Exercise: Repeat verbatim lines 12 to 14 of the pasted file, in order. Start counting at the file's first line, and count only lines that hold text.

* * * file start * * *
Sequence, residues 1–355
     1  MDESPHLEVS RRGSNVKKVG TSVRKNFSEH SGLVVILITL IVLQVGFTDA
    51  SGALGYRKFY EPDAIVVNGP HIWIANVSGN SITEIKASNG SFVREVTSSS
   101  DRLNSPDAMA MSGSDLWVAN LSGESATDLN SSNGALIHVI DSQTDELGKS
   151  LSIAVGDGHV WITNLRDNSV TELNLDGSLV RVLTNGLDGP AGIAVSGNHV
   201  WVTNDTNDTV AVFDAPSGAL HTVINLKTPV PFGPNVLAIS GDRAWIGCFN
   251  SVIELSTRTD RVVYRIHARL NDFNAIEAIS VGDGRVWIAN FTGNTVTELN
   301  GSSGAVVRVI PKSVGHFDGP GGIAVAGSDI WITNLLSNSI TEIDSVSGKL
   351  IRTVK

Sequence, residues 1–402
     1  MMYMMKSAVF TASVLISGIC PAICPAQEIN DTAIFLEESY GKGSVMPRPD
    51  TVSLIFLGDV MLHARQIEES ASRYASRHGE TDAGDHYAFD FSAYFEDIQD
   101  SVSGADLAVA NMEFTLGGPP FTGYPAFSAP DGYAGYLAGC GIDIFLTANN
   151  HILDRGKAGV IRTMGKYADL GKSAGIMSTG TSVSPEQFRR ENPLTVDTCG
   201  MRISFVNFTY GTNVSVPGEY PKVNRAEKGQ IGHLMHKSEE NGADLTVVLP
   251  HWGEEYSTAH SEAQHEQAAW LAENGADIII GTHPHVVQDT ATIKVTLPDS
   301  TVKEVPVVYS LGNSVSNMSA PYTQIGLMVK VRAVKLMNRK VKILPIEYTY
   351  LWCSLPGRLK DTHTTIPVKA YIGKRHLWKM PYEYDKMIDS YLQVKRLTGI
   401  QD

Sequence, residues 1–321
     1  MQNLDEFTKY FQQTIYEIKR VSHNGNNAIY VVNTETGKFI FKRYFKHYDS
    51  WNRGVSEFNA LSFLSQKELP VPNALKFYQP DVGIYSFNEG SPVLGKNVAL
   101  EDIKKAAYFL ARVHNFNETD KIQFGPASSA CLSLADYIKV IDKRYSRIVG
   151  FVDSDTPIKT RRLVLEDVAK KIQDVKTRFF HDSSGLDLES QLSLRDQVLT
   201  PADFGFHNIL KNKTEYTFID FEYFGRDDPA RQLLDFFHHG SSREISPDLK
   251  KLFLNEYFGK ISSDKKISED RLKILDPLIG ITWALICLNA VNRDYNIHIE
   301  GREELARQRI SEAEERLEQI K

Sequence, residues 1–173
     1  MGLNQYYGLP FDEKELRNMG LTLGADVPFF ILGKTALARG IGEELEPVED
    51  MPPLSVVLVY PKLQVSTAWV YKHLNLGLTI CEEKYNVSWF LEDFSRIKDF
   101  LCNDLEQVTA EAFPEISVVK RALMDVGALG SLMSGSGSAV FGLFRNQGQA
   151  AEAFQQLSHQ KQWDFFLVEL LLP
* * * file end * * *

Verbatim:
    51  TVSLIFLGDV MLHARQIEES ASRYASRHGE TDAGDHYAFD FSAYFEDIQD
   101  SVSGADLAVA NMEFTLGGPP FTGYPAFSAP DGYAGYLAGC GIDIFLTANN
   151  HILDRGKAGV IRTMGKYADL GKSAGIMSTG TSVSPEQFRR ENPLTVDTCG